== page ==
Fresh off USDA's March 31 report of March 1 grain stocks, USDA will incorporate the latest stocks estimates into the April World Agricultural Supply and Demand Estimates (WASDE) report. This particular report is usually a low-key affair, but in the era of coronavirus, a surprise may be in store. Thursday's numbers are likely to show some influence from the anticipation of lower grain demand ahead.
Like it or not (and most of us will vote not), the spread of coronavirus and efforts to slow the spread have dominated ag markets for over a month. For corn prices, the effect has been especially bearish. Coming off USDA's lower-than-expected March 1 corn stocks total of 7.953 billion bushels (bb), we would normally expect to see higher demand estimates in the April WASDE report.
This year, however, that bullish adjustment will likely be outweighed by two bearish demand adjustments -- one for exports and one for ethanol. U.S. export commitments for corn are currently down 26% from a year ago and are slowly improving but will struggle to reach USDA's export estimate of 1.725 bb. Ethanol production dropped 19% the past two weeks, a consequence of Saudi Arabia's oil price war at a time when the coronavirus has us all driving less.
Dow Jones' survey of analysts expects USDA to increase the estimate of U.S. ending corn stocks from 1.892 bb to 1.990 bb, a modest increase that has potential to go higher Thursday, depending on how aggressive USDA wants to be about its demand reductions.
Beyond the U.S., Dow Jones' survey expects world ending corn stocks to be increased slightly, from 297.3 million metric tons (mmt) to 298.5 mmt (11.75 bb). A slightly lower crop estimate of 100.3 mmt (3.94 bb) is expected for Brazil, and a slightly lower estimate of 49.7 mmt (1.96 bb) is expected for Argentina.
If you have been wondering when USDA might release its new survey of corn and soybean production in Northern states, National Agricultural Statistics Service (NASS) announced on April 7 that the survey will be conducted later in April and will be released in the May Crop Production report, if the numbers differ from the January NASS estimates. Because harvest in North Dakota needs more time, the survey for North Dakota will be conducted at a later date.
For soybeans, the 2.253 bb of supplies USDA found on hand for March 1 was slightly higher than expected and shouldn't have much effect on Thursday's new demand estimates.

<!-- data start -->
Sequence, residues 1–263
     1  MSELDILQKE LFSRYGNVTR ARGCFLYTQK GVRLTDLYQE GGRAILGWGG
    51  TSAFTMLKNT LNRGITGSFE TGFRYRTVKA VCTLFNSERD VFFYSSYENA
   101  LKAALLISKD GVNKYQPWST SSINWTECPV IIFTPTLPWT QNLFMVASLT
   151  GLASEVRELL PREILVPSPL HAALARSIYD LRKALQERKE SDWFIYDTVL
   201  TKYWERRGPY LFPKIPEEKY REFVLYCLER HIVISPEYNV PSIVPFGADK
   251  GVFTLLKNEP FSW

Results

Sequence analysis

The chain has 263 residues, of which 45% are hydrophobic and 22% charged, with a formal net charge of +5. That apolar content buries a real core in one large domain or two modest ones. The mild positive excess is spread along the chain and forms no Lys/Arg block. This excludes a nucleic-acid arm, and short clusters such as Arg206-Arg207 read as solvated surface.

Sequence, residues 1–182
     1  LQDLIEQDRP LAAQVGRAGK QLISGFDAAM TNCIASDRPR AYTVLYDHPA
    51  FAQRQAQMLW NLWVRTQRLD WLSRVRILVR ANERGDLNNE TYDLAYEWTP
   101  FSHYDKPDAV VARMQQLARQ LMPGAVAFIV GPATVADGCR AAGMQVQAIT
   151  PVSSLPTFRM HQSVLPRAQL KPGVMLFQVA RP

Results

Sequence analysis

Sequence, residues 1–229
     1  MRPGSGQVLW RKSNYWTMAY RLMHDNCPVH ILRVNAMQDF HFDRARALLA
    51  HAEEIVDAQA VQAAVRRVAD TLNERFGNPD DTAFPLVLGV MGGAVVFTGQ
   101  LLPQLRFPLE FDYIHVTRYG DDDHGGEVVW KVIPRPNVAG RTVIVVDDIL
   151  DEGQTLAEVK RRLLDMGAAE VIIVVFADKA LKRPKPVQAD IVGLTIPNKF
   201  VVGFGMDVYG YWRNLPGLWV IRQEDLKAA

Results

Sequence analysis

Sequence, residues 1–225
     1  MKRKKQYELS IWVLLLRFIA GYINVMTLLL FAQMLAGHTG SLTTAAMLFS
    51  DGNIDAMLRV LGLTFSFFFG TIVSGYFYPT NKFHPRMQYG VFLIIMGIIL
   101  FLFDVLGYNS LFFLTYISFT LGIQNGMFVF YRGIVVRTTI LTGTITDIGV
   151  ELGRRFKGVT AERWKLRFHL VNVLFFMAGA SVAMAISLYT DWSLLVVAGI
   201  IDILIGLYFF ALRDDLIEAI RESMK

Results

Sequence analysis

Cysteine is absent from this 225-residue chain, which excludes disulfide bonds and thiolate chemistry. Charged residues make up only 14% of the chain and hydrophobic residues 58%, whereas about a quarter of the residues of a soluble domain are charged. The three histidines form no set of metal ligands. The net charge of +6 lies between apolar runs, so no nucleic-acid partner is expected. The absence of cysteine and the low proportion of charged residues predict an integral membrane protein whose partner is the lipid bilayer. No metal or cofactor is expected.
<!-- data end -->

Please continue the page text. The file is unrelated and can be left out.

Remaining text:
However, Dow Jones' pre-report survey does expect USDA to increase its estimate of U.S. ending soybean stocks, from 425 mb to 444 mb. The increase will likely be pinned on the sluggish pace of soybean export sales. As of March 26, U.S. soybean export commitments were down 15% in 2019-20 from a year ago, well below pace from the 4% increase USDA is currently projecting.
For USDA's world estimates, Dow Jones' survey expects soybean stocks to be lowered slightly, from 102.4 mmt to 101.9 mmt (3.74 bb). The crop estimate for Brazil is expected to be trimmed from 126.0 mmt to 124.2 mmt (4.56 bb). Argentina's crop estimate is expected to come down from 54.0 mmt to 52.7 mmt (1.94 bb) -- both due to recent stretches of drier weather.
Similar to corn, U.S. wheat stocks on March 1 were a little less than expected at 1.412 bb and give Thursday's demand estimates the right to a slight bullish adjustment. Exports, however, are not quite up to pace for reaching USDA's 1.000 bb export estimate and may be lowered Thursday.
Dow Jones' survey expects USDA to slightly increase its estimate of U.S. ending wheat stocks for 2019-20 from 940 mb 945 mb. If true, the small change is not likely to have much price impact.
USDA's estimate of world ending wheat stocks is expected to be tweaked slightly lower, to 287.0 mmt (10.55 bb) for 2019-20, but the market is more interested in new-crop estimates these days, something USDA won't provide until the May WASDE report.
In general, April WASDE reports don't typically show much price movement as May corn prices have held within a 2 1/2 cent change after four of the past five April reports. This year, though, has already proved itself to be unusual, and surprises are possible.
Join us for a post-report webinar at noon CDT on Thursday, April 9. After discussing USDA's latest estimates, DTN's Senior Ag Meteorologist Bryce Anderson will offer his latest comments concerning spring weather. Register now at: https://dtn.webex.com/…
|WORLD PRODUCTION (million metric tons) 2019-20|
|U.S. ENDING STOCKS (Million Bushels) 2019-20|
|WORLD ENDING STOCKS (million metric tons) 2019-20|
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